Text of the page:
Perhaps you’ve heard stories about how people bought cars years ago. Perhaps you bought a car once this way. You found the car you liked, the dealer threw you the keys, you “test-drove” the car for a few days, then you came back either to buy the car or try another one. The dealer knew you wouldn’t drive the car 95 miles an hour on the Dan Ryan. You knew you’d get the best deal possible to buy the car. Both parties went home happy. The business principle then was your word. Only say the word and you could make a deal.
A person’s word goes far today, yet it doesn’t go as far. Politicians say a lot of words, but how many of them they can back up with action is a different story. We often write checks with our mouth that we know we’ll never cash. Or we, sinners that we are, play the hypocrite, put on the mask, and pretend to say one thing when we actually mean the other thing.
For Jesus Christ and for two men we meet in today’s Gospel, only say the word is all that’s needed. In the centurion’s case, Jesus is amazed that the centurion understands how words have authority, for the centurion is a man under authority. What’s even more amazing about both men is they aren’t Jews, but they believe Jesus’ Word has the authority to do what He says it will do. This is contrary to what our Lord’s own people say and believe about Him. The word they would rather say is “There’s no room for Gentiles to recline at table”.
Epiphany is a season that has a theme of the mission of God running through it. The eastern sages from afar are led to Jesus by a guiding star. The word they studied led them to worship the Christ Child. The word in a dream led them to go home another way in order to escape Herod’s rage.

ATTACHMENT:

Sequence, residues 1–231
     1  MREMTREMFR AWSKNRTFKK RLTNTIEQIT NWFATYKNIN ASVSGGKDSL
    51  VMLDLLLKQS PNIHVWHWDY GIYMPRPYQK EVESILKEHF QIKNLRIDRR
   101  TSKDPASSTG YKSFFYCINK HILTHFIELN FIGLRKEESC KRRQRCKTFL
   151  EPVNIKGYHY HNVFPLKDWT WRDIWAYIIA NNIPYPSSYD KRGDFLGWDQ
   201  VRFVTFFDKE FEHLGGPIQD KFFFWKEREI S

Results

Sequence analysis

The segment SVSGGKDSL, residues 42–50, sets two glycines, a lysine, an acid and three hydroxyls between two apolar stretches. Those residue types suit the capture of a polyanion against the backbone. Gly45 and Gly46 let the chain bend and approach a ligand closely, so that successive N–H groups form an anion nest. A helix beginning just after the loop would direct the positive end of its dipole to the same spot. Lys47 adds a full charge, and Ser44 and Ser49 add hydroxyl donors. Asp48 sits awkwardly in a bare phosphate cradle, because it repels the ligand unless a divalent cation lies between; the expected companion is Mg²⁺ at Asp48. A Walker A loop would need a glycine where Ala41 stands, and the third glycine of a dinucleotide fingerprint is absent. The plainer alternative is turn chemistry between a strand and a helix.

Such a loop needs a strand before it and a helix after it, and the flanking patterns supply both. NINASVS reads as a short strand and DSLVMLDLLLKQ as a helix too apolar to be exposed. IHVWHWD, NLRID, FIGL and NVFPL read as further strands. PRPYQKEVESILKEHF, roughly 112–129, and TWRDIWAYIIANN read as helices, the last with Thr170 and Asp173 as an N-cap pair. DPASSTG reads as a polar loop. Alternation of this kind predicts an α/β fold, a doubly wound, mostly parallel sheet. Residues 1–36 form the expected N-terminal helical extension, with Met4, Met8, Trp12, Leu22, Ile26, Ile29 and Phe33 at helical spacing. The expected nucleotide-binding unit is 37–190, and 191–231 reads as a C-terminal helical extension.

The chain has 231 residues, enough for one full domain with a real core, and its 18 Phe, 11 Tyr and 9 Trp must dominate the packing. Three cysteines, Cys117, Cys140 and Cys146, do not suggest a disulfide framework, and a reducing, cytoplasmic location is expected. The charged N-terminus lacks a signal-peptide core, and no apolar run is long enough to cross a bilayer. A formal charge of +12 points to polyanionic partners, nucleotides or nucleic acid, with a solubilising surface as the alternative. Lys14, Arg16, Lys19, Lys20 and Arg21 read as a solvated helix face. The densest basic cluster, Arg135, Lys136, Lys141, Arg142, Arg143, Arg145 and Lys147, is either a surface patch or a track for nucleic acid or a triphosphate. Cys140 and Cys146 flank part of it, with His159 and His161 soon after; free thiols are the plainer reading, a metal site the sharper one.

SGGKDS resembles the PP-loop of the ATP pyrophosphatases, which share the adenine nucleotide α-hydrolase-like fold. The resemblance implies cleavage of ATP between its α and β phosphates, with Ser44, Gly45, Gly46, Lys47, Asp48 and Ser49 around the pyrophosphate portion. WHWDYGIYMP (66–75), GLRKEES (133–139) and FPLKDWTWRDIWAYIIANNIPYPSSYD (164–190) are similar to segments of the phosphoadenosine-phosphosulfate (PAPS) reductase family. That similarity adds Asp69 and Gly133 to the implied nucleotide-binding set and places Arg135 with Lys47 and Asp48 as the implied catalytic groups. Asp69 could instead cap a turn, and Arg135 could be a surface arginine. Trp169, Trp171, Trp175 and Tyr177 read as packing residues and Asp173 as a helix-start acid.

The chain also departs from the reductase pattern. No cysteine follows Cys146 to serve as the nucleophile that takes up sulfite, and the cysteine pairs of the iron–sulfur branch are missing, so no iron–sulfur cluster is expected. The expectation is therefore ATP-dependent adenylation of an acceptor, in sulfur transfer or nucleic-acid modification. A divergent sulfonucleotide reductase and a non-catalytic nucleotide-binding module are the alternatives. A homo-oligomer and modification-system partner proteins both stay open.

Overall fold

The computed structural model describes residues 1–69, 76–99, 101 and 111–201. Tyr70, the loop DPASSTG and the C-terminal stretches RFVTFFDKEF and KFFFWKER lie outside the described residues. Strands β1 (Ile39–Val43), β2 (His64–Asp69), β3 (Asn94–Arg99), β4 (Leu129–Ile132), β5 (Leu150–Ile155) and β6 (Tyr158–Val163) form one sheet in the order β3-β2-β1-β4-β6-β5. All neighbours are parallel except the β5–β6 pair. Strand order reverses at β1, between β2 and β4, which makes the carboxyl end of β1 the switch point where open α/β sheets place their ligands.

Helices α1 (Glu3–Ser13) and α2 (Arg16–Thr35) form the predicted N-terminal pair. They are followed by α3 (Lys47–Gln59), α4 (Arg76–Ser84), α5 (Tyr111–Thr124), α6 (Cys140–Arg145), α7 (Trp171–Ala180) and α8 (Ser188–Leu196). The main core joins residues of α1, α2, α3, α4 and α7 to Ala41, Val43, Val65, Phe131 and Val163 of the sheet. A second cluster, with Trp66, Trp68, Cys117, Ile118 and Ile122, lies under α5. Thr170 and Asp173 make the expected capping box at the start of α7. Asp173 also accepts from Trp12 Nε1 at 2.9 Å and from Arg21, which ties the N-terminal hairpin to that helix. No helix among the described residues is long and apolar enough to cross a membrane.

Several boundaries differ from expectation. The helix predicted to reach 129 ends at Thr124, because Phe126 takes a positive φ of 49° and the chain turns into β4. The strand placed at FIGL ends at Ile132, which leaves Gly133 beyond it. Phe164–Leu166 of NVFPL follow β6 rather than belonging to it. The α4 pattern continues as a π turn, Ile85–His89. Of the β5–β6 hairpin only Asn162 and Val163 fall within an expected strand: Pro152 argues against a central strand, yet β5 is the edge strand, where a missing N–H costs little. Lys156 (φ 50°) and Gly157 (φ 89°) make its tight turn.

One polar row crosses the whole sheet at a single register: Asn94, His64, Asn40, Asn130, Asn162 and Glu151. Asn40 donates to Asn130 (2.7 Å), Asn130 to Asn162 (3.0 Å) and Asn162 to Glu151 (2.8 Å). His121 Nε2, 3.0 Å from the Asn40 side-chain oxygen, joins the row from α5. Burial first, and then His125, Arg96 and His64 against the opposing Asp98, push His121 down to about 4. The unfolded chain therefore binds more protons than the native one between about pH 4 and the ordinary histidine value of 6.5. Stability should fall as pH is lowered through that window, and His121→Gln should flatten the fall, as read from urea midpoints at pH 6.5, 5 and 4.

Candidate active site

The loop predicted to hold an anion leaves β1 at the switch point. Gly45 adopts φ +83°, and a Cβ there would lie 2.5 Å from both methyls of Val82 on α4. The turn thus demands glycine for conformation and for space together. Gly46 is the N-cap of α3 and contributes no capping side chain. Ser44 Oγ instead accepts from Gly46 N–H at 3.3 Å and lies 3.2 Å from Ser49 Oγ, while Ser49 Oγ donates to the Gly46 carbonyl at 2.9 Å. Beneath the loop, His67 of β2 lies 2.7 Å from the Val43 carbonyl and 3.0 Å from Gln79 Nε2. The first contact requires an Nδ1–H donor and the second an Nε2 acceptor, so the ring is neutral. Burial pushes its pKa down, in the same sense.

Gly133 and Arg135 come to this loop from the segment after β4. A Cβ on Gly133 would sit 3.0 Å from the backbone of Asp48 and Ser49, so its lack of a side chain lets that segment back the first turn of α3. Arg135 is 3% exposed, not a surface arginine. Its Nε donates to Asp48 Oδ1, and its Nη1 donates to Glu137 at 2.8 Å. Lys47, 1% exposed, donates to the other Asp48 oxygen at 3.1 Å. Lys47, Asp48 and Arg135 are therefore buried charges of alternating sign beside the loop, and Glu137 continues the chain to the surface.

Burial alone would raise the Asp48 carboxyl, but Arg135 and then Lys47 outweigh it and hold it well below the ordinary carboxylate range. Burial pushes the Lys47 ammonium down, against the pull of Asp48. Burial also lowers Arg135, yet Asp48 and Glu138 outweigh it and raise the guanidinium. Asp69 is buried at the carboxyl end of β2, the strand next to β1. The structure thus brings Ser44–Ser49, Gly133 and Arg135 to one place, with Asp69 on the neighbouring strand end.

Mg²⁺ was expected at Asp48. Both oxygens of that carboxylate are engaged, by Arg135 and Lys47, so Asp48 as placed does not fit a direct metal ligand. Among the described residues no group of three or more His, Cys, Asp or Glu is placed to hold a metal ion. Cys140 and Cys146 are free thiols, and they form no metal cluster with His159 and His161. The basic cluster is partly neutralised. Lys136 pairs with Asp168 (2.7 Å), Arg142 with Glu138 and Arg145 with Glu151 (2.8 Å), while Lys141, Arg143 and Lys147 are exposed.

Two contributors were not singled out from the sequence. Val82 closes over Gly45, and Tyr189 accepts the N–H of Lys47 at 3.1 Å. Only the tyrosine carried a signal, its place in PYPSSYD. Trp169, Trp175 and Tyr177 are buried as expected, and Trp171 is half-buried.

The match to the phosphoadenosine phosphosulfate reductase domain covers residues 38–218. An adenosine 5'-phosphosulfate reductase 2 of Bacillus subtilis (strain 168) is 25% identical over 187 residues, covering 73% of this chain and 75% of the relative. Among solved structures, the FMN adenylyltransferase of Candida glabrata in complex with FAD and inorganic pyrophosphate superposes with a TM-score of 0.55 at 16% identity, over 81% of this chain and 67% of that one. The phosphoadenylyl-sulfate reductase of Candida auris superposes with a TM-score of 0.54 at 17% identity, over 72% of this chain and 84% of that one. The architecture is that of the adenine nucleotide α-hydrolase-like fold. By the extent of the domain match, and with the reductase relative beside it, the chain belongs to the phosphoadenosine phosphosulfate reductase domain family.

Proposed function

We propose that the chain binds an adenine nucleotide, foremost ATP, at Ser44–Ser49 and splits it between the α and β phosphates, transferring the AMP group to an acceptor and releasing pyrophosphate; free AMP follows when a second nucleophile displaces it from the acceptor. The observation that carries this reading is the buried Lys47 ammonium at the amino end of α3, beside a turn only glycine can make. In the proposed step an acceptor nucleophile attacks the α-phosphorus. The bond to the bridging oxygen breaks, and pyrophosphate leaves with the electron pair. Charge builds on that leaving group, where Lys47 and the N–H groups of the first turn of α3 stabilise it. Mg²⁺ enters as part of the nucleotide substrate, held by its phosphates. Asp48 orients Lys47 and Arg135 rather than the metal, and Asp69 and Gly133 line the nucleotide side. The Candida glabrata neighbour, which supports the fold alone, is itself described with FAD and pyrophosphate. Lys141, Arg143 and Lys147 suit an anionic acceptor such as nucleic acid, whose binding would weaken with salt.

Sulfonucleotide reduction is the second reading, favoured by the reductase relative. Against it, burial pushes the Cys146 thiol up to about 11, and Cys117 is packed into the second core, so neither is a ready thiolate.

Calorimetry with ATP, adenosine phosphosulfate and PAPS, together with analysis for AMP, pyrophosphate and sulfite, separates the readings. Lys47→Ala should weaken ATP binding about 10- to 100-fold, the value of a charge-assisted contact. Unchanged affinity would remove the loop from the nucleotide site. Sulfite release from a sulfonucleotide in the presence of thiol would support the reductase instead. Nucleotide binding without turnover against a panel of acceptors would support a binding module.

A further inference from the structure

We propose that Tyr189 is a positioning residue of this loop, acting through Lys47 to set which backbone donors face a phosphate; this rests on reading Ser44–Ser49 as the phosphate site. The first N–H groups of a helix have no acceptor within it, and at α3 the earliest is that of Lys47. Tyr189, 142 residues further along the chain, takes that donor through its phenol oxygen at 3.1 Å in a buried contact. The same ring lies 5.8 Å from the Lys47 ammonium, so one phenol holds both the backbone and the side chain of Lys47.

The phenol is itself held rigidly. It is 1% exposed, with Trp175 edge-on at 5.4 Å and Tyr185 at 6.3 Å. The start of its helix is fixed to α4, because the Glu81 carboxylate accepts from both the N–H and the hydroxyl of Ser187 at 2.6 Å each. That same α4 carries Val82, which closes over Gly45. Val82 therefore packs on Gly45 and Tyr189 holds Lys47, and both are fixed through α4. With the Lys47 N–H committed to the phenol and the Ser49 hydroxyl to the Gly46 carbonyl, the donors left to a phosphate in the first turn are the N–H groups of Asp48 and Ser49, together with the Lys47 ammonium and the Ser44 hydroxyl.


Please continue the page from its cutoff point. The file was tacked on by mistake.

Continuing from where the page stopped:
Today we see the mission of God extend to two people who actually believe the Word spoken by Jesus will do what He says. Both are unwelcome visitors among Jews. One is a leper, unclean and separated from society. The other is a centurion, a Roman citizen, and a Gentile. He should be the absolute last person to believe Jesus is the Christ, the Son of God. Yet both men call Him Lord. That should be our first clue that something is different about both these men.
Jesus does say one chapter earlier in the Sermon on the Mount, not everyone who says to me, “Lord, Lord,” will enter the kingdom of heaven, but the one who does the will of my Father who is in heaven. The obvious way to do the will of the heavenly Father is to be circumcised or to be clean of all leprosy. Convert to the Jewish faith and then maybe, just maybe, if you’ve done the will of the heavenly Father just so, you will enter the kingdom of heaven.
Jesus takes that notion and stands it on its ear by allowing a leper to approach Him, kneel before Him (the word is actually fall down and worship Him) and say Lord, if You will, You can make me clean. The leper takes what Jesus says in the Sermon on the Mount about prayer and puts it to use. Jesus taught the crowds to pray Thy will be done on earth as it is in heaven. Another way of putting it is Let Thy will be done. The Lord will let His will happen. It’s a matter of when.
When is now for the leper. I will; be clean. The leper receives immediate cleansing. Then the leper gets another word. See that you say nothing to anyone, but go, show yourself to the priest and offer the gift that Moses commanded, for a proof to them. Why should he remain quiet? Why does Jesus seem to point the leper back to the Law of Moses after setting him free from leprosy? Jesus sends the leper to the priest for a proof to them. The leper gets to preach Who healed him to the priest, the one responsible for showing and teaching people Messiah from the Law and the prophets. The leper, as it were, is a missionary; proclaiming the power of the Word Incarnate, Jesus Christ.